Creating educational opportunities for all

Woman holds sign that reads: Education For All.

Kamila Rollan

Sabina Ismailova ’13 created an organization to help children with developmental disabilities in Kazakhstan.

Sabina Ismailova ’13 (telecommunications engineering technology) was working as a telecom engineer at a prominent global company in Kazakhstan when she realized something was missing.

“I liked my work, but I wasn’t making any contribution to my society,” said the Kazakhstan native.

She changed that in 2017 by creating Education for All, a growing nonprofit organization for children with developmental disabilities.  

 “In our country, kids with special education needs and with disabilities are segregated. They study in special schools, which in our country are called correctional schools,” said Ismailova, now executive director of Education for All. “They have a completely different curriculum, which is not individualized, and there are extremely low standards.”

Her organization began three programs to balance the scales—an after-school program for 8-to-12-year-olds to learn English, math, sports and arts for academic and social inclusion; an inclusive theater created to increase socialization opportunities for teens and young adults with special needs; and professional orientation courses, such as food preparation and cooking, for older participants. Most of the programs are conducted with volunteer help.

Before starting Education for All, Ismailova participated in the Global Solutions Program, a nonprofit called Singularity University based in Silicon Valley that helps people use technology to create social change.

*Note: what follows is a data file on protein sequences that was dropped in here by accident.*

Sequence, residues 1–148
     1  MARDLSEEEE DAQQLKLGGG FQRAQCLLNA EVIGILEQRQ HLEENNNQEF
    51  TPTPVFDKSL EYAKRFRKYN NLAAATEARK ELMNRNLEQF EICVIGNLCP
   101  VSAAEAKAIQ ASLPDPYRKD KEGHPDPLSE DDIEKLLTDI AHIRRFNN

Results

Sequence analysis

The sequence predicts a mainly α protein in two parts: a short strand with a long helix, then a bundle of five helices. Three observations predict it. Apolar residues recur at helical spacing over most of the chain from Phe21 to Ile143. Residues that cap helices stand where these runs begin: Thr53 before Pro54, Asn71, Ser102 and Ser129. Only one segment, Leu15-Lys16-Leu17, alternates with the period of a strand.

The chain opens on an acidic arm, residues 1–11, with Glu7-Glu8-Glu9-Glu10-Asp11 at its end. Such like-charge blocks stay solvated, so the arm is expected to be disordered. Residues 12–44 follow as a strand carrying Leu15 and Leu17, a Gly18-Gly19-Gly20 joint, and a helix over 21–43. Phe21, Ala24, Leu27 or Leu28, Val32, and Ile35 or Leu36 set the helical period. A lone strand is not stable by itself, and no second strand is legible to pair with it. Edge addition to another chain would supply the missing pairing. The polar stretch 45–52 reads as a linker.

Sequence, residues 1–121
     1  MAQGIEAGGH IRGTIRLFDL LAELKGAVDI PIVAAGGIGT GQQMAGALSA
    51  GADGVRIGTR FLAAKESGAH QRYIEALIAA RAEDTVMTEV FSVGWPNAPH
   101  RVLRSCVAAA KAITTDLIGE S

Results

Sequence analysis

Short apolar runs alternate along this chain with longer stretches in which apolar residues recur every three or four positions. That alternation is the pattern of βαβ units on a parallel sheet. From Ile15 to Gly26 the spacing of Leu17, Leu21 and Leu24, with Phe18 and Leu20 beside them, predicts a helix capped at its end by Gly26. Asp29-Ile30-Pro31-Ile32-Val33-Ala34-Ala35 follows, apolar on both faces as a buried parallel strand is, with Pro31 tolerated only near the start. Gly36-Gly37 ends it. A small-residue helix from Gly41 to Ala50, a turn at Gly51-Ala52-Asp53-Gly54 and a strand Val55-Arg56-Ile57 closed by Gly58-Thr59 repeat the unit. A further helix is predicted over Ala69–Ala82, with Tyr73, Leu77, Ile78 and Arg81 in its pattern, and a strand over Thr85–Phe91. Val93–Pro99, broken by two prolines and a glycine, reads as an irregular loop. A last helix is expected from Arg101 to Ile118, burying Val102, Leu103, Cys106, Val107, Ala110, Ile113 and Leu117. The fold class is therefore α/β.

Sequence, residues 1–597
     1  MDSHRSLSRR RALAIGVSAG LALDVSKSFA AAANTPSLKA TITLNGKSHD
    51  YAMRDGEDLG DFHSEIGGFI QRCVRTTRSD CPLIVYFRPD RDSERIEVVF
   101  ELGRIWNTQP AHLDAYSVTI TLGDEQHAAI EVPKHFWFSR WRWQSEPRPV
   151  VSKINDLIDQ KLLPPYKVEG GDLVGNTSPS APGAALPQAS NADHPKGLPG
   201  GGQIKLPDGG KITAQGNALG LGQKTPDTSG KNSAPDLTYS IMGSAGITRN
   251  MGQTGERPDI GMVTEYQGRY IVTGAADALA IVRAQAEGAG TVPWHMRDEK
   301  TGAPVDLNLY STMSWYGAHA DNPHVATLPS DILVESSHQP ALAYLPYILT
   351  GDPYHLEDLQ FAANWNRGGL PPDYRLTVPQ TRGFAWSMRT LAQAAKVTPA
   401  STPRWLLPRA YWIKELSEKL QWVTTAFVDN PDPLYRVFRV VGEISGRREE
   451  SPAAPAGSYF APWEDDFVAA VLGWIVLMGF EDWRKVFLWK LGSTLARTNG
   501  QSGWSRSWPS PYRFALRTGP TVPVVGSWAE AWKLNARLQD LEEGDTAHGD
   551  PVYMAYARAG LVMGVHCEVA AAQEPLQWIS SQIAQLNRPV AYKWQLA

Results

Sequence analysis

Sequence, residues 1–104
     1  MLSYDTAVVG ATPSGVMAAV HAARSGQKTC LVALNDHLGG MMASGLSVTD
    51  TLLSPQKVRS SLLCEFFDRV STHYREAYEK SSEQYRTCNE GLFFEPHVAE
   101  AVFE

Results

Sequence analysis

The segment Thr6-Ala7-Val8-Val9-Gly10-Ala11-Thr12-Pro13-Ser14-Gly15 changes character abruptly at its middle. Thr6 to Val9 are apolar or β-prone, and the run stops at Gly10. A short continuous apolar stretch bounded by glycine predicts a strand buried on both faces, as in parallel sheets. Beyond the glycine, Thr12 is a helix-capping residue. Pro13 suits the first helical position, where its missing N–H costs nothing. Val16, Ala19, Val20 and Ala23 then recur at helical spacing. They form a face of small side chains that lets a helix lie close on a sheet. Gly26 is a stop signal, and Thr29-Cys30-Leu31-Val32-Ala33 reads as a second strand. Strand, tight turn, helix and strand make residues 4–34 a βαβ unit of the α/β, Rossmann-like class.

Ismailova saw an opportunity to combine her degree and technical skills to help build a distance learning initiative for people with low incomes or disabilities so they could study at universities in Kazakhstan. Although it did not come to fruition at that time, she retained her focus on helping people with disabilities.

 “Having come back and studying issues of education of people with disabilities, I understood that the project wasn’t going to work, at least not right now. I am not abandoning my technical education though—we are preparing to open the first assistive technologies library soon in our center. Later, we have plans to start developing apps to help people with different disabilities with their day-to-day life as well as education.”

Kazakhstan is home to more than 18 million. Nearly 10 percent of the population is made up of people with disabilities.

 “My goal is that every child, no matter their background, ability, need or social status, gets a quality education and an opportunity to enroll in an elite school or college, and to get a job they love,” she said.

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